Data from: Resource tracking and its conservation implications for an obligate frugivore (Procnias tricarunculatus, the three-wattled bellbird)
Hamilton, Debra, Franklin Pierce University
Singleton, Rhine, Franklin Pierce University
Joslin, J. Devereux, Monteverde Institute; Apdo 69-5655 Monteverde Puntarenas Costa Rica
Published Aug 15, 2017 on Dryad.
Cite this dataset
Hamilton, Debra; Singleton, Rhine; Joslin, J. Devereux (2017). Data from: Resource tracking and its conservation implications for an obligate frugivore (Procnias tricarunculatus, the three-wattled bellbird) [Dataset]. Dryad. https://doi.org/10.5061/dryad.v75c9
In Monteverde, Costa Rica, the vulnerable Three-wattled Bellbird (Procnias tricarunculatus) feeds primarily upon the fruit of Lauraceae species during its reproductive and post-reproductive seasons. To understand and advance appropriate conservation measures, this study identified the bellbird’s foraging challenges in its search for a temporally and spatially fluctuating resource. Although there are at least 96 species of Lauraceae found in the five life zones of Monteverde, the distinct distributions of tree species both among and within life zones require the bellbirds to track seasonal fruiting across the various zones. In this six-year study, we monitored the fruiting of tree species and bellbird abundance in 24 study plots within its post-reproductive life zone, the Premontane Wet forest, in order to identify preferred bellbird food resources and how the fruiting of these species drives the spatial distribution of the bellbird. Our research revealed phenological patterns of annual, biennial, and triennial fruiting with high levels of fruiting synchrony within several identified key fruit species. Of critical conservation importance is that no single species of Lauraceae produced a consistent food supply for bellbirds each year. Therefore, even within life zones, the bellbird’s survival depends on its mobility to search for and obtain fruit, as well as the availability of fruits of multiple tree species. The conservation implications include focused attention on multiple core areas within given life zones, protection of existing forest and remnant trees, and forest restoration with plantings of multiple tree species. We suspect that other tropical frugivorous species face similar conservation challenges.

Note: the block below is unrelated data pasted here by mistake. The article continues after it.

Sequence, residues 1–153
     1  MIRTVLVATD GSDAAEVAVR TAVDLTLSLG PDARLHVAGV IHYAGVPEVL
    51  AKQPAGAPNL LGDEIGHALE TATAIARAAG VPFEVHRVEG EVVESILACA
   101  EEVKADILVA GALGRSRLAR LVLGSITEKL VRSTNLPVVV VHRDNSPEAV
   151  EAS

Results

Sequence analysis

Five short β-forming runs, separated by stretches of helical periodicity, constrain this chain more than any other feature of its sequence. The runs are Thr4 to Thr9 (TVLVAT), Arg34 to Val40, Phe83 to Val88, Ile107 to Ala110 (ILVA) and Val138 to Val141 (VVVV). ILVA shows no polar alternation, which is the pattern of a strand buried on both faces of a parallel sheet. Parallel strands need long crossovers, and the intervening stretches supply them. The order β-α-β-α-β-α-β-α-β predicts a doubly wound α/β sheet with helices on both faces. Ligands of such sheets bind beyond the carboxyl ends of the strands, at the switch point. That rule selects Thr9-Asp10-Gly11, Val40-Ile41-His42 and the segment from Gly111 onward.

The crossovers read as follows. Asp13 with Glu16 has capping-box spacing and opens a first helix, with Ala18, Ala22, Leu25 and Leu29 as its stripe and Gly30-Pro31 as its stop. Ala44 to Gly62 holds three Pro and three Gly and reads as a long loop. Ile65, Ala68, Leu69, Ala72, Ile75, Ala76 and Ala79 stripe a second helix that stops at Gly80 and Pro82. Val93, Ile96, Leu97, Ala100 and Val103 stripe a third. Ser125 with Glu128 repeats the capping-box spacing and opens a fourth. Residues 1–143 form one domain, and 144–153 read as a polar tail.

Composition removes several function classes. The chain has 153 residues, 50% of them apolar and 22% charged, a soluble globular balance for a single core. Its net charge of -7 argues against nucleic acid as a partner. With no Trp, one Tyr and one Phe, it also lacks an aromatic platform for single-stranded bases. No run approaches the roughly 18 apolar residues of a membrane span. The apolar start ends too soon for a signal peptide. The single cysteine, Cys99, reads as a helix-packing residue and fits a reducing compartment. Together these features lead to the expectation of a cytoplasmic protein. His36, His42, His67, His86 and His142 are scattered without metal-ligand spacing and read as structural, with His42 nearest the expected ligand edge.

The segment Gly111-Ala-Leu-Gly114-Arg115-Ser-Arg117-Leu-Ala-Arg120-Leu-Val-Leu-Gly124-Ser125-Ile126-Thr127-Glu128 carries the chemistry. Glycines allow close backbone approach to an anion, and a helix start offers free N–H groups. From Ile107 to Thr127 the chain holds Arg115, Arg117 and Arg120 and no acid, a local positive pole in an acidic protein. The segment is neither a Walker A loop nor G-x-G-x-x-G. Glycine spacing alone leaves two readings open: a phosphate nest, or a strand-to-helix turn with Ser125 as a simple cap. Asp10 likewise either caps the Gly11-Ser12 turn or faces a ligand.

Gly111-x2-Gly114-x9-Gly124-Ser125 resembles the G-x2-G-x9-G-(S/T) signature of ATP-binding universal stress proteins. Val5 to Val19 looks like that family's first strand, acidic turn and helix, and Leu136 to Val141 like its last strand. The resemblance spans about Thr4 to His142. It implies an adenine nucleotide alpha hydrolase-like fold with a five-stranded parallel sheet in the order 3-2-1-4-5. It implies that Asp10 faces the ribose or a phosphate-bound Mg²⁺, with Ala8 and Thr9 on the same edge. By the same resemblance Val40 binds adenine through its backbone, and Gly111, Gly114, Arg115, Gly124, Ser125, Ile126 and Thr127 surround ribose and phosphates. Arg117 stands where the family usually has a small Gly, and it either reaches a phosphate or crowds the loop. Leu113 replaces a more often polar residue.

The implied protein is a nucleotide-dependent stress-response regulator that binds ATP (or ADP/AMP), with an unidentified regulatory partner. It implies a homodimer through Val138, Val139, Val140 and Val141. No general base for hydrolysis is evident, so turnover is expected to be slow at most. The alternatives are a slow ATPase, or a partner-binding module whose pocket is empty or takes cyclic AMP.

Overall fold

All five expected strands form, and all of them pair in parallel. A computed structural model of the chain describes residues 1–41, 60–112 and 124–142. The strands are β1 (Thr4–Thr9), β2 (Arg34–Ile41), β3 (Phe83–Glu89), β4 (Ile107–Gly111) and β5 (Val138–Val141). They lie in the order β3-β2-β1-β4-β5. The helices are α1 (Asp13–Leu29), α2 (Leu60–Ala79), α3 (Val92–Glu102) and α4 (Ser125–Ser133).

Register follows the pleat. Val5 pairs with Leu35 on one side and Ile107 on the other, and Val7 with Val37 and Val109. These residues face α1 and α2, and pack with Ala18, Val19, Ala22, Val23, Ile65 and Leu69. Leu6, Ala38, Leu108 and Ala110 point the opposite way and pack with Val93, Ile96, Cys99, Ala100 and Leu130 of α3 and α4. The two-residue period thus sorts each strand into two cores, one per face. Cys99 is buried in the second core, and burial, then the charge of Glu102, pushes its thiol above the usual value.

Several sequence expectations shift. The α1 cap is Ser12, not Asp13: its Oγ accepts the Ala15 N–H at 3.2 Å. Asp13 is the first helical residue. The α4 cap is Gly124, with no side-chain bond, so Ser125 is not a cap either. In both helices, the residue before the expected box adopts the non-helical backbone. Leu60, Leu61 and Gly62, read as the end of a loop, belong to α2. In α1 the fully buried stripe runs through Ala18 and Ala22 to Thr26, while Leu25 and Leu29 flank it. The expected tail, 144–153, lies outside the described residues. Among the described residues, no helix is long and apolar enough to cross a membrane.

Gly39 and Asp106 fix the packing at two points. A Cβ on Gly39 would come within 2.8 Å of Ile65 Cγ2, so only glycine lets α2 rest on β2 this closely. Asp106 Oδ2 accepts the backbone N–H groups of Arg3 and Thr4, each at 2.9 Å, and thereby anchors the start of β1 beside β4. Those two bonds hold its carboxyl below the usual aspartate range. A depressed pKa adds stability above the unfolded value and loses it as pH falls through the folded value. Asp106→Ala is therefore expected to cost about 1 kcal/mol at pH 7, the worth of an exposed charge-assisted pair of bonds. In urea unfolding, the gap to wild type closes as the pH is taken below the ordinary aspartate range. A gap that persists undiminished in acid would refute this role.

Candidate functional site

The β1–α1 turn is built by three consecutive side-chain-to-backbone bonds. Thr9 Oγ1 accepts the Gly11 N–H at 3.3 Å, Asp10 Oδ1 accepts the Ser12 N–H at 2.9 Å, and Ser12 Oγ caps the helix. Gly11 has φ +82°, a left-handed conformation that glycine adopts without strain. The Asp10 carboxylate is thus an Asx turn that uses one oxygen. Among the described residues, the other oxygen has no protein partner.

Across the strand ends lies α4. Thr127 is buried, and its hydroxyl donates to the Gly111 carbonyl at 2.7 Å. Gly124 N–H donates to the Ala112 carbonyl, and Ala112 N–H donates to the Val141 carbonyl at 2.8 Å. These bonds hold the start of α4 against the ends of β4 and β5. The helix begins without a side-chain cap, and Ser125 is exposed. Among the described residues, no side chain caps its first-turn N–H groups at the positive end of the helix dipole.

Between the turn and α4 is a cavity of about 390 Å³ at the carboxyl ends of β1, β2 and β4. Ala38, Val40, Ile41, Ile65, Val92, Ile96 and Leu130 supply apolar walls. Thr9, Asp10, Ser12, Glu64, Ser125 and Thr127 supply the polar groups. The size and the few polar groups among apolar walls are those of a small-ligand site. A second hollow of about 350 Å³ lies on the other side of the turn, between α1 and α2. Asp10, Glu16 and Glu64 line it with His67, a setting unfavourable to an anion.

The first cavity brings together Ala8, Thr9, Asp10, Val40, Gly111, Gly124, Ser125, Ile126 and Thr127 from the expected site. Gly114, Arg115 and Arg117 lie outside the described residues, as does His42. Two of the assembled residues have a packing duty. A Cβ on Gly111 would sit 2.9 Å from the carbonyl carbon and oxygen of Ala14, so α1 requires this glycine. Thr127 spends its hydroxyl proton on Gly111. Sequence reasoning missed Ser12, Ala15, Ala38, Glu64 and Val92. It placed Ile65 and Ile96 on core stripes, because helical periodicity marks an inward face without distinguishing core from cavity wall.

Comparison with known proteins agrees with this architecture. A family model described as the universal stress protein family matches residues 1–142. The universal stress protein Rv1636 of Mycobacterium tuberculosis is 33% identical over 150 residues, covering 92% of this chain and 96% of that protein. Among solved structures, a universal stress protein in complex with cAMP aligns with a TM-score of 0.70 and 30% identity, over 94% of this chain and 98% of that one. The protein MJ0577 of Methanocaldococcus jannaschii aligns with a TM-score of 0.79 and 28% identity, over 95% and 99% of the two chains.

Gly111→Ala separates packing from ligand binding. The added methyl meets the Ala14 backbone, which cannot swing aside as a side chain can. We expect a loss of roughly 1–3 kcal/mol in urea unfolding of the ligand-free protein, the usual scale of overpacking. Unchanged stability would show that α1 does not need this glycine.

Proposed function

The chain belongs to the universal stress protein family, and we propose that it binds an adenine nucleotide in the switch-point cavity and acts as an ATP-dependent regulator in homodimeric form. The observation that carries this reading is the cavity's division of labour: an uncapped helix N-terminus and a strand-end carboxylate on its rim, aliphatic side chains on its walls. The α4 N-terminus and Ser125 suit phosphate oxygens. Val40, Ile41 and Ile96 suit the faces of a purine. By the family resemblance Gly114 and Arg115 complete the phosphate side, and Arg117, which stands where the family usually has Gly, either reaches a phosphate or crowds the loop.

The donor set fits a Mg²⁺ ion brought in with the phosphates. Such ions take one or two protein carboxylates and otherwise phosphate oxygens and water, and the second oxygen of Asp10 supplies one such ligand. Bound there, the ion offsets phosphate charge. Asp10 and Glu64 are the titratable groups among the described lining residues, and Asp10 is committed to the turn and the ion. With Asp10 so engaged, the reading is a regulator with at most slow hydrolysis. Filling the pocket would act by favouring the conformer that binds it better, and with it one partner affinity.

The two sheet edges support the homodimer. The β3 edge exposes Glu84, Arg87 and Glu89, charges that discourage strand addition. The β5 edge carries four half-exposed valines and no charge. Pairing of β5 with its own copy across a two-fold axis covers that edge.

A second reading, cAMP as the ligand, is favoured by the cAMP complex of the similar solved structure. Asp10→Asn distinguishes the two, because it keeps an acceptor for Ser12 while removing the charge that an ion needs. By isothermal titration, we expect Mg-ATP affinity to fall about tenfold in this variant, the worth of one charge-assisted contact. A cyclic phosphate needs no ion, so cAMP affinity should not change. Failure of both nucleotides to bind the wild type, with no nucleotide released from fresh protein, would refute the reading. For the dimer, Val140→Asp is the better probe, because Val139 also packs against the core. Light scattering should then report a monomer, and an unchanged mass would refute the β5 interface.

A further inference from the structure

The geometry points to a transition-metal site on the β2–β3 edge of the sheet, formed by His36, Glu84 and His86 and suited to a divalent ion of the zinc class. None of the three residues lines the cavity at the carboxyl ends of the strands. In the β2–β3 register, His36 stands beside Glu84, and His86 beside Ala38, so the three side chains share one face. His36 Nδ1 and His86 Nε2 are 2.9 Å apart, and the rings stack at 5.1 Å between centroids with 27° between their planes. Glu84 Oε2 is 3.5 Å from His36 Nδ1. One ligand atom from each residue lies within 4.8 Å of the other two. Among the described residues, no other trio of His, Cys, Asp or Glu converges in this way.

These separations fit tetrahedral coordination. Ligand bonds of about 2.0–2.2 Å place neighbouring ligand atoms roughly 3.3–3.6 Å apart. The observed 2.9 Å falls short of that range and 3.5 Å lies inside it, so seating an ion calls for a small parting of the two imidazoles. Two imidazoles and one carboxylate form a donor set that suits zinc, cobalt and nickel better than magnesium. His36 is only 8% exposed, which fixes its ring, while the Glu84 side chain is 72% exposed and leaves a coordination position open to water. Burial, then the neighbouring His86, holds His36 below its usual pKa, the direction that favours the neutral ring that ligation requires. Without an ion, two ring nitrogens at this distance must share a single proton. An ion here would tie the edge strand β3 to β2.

Data collected in the field in Monteverde, Costa Rica for the Hamilton et al. study titled "Resource Tracking and its Conservation Implications for an Obligate Frugivore (Procnias tricarunculatus, the Three-wattled Bellbird)." For full explanation, see README file.